Arts

Arts and culture

True crime enthusiasts have long known that there are serious flaws in the institutions meant to keep society safe and functional.

The latest season of the podcast Serial, for instance, exposes the many bureaucratic complexities, human errors and clear bias of the American justice system as seen through a year's coverage of a single courthouse in Cleveland.

As possible 2020 presidential candidates start announcing exploratory committees, there's talk that Sen. Kamala Harris may be on the verge of launching herself into the ring.

On Tuesday, her memoir The Truths We Hold hits shelves. In it, the California Democrat ticks through her résumé and credentials, while mixing in a look at her upbringing and family life.

Almost 10 years ago, journalist Hillary Frank was pregnant and planning to give birth without medication or surgery — but things didn't go according to her plan.

My taste doesn't naturally gravitate toward feminist dystopian fiction, but such stories are ubiquitous these days. Their influence seeps far beyond the classic novel and Hulu series of Margaret Atwood's The Handmaid's Tale, as well as the literary fiction it's inspired like Naomi Alderman's The Power and Leni Zumas' Red Clocks.

You'll find a lot of 2018 films more loved by critics than Green Book and Bohemian Rhapsody, but both have found enthusiastic audiences. On Sunday night, they were the big winners in film at the Golden Globes, in a ceremony that dragged 20 minutes past its scheduled time and occasionally felt as if it was rushing through a list of awards and trying desperately to get winners to wrap it up.

Updated at 11:18 p.m. ET

The 76th Golden Globe Awards aired Sunday night on NBC. Here is the complete list of winners. (Winners are in bold italics.)


Film

Best motion picture — drama

Black Panther

BlacKkKlansman

Bohemian Rhapsody

If Beale Street Could Talk

A Star Is Born


Best motion picture — musical or comedy

Crazy Rich Asians

Bows are tied, dresses are zipped, and the red carpet is rolled out. The Beverly Hilton Hotel in Los Angeles glimmers with stars as the 76th Annual Golden Globes Awards ensues. The show, which airs live on NBC, is hosted Andy Samberg and Sandra Oh—the stars of Brooklyn Nine-Nine and Killing Eve, respectively. Here's a glimpse of what some of the attendees are wearing tonight.

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It's the beginning of a new year. And for many people, that means it's time to set their intentions. So we have Jessica Dore, a psychotherapist and a tarot card reader, here to help us with that. She joins us via Skype.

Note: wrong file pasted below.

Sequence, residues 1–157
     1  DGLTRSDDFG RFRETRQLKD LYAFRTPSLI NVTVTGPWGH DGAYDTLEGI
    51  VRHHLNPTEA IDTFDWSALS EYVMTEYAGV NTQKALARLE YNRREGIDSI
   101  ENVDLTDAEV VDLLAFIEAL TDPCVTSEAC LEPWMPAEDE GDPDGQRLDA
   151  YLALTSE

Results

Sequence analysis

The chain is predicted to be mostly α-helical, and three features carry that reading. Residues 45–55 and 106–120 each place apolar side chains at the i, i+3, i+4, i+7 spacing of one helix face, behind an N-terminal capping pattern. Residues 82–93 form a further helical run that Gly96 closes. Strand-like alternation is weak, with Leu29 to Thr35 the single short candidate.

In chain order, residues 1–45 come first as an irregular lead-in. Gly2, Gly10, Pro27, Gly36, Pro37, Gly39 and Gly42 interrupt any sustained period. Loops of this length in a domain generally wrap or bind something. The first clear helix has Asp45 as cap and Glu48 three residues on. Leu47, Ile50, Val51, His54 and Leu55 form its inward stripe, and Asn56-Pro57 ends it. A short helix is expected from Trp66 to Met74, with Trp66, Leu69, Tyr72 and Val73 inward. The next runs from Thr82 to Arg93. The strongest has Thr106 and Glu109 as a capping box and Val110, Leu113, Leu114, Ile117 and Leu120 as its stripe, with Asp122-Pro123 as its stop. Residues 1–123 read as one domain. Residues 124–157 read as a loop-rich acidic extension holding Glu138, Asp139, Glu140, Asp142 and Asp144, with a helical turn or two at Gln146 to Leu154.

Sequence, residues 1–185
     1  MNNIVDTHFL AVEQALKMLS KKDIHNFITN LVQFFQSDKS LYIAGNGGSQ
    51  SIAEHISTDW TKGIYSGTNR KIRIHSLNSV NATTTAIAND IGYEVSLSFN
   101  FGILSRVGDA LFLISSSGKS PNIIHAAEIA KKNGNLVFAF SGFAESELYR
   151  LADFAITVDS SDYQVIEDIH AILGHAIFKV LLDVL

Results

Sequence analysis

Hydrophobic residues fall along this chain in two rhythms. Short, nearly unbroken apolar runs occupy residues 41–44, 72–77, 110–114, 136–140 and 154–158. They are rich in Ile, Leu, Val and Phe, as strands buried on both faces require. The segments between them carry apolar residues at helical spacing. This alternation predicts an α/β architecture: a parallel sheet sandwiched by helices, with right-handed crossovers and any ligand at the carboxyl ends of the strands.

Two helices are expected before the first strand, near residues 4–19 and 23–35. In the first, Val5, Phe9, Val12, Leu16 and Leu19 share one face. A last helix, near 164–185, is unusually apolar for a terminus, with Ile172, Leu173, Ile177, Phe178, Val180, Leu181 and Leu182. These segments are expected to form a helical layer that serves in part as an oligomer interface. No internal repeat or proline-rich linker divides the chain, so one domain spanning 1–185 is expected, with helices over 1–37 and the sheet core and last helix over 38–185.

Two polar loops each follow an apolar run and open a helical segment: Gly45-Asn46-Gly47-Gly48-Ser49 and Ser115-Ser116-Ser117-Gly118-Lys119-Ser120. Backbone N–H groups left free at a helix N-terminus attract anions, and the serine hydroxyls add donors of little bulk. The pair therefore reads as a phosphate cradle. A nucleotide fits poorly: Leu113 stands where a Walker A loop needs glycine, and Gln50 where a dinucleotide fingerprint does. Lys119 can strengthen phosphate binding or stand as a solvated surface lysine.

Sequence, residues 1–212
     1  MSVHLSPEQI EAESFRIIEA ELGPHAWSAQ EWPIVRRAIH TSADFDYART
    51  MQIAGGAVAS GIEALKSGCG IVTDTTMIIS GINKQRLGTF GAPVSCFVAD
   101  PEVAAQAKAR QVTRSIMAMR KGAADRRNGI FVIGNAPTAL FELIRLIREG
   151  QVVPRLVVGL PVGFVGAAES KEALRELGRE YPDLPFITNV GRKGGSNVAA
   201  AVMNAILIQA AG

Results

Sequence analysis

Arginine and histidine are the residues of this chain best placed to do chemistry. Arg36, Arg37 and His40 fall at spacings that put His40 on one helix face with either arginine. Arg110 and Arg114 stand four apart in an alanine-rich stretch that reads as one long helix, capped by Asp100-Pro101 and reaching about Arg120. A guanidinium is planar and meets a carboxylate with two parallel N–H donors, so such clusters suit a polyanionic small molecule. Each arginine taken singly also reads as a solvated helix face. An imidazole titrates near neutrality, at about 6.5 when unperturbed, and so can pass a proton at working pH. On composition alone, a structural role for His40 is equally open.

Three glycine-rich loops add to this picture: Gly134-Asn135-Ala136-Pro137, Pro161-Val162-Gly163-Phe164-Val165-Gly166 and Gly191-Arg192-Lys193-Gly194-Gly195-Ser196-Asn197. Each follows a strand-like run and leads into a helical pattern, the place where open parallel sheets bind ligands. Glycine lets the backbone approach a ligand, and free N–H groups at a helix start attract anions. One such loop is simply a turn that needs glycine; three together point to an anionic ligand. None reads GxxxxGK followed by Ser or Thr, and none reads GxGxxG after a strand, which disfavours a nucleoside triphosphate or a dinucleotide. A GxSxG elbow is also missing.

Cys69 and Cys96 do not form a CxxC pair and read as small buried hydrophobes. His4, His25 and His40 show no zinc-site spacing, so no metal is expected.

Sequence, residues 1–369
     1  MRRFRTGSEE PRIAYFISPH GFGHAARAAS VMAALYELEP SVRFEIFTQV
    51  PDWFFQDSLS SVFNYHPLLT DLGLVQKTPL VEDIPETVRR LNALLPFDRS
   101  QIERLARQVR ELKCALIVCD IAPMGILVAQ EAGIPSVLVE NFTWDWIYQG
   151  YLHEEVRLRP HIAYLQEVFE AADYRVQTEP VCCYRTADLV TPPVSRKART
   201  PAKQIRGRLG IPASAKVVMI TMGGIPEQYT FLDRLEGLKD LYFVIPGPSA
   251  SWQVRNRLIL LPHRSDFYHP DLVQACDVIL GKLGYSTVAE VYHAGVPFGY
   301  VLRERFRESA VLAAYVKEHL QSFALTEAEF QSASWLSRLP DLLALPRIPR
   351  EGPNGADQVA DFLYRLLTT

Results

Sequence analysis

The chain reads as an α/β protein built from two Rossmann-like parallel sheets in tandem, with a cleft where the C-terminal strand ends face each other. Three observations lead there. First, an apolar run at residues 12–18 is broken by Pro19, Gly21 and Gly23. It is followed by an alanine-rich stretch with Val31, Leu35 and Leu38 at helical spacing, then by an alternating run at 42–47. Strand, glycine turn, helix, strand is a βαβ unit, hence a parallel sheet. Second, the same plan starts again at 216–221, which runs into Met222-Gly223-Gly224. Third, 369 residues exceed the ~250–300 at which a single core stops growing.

Thanks for talking with us.

Andrea Savage was tired of the roles she was being offered in Hollywood — there was the harried mom, the awful mom, the mom who hates her kids — and none of those roles felt real or complex.

"I was just like: This isn't my reality," Savage says. "Why does a funny female have to be relegated to this very two-dimensional role after she pops a kid out?"

'Amsterdam Noir' Finds Its Darkness Inside Us

Jan 6, 2019

When I heard that Akashic's Noir series was tackling Amsterdam, I was immediately curious. The series is known for giving crime fiction fans glimpses into the darkest corners of cities and countries all over the world. Some entries are unsurprising because the places are known hotspots for illegal activities, gangs, and violence (i.e. Haiti, Chicago, Lagos, Mexico City, Detroit), but others are unexpected — like Amsterdam.

Think Tarzan and the Golden Lion needed a different ending?

Perhaps you want to adapt Kahlil Gibran's The Prophet into a graphic novel.

Or maybe you want to have a go at incorporating Robert Frost's poem "Stopping by Woods on a Snowy Evening" into a virtual choir piece, as composer Eric Whitacre once did before encountering a copyright snag that killed the project.

As Hollywood continues to struggle with the underrepresentation of women behind the camera, most people have forgotten that 100 years ago, one woman ruled.

Her name was Lois Weber. Counting shorts and feature-length movies, she directed at least 138 films — all before 1940. She became the first American woman to direct a feature-length dramatic film with The Merchant of Venice in 1914.

I don't think Louis C.K. is funny. That's the worst that can be said about a comedian. Not that they're offensive or outrageous. Great comics can offend and outrage people. But a comic who dares to be offensive, but isn't funny, is just a lout.